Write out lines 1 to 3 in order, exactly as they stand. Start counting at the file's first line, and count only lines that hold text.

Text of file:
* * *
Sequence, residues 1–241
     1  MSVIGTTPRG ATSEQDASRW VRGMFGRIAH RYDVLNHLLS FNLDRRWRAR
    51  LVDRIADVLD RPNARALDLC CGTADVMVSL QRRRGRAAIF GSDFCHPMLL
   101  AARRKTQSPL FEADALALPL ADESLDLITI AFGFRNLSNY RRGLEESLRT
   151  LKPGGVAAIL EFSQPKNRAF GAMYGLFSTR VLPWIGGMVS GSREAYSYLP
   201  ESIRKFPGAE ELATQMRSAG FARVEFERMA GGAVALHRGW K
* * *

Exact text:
Sequence, residues 1–241
     1  MSVIGTTPRG ATSEQDASRW VRGMFGRIAH RYDVLNHLLS FNLDRRWRAR
    51  LVDRIADVLD RPNARALDLC CGTADVMVSL QRRRGRAAIF GSDFCHPMLL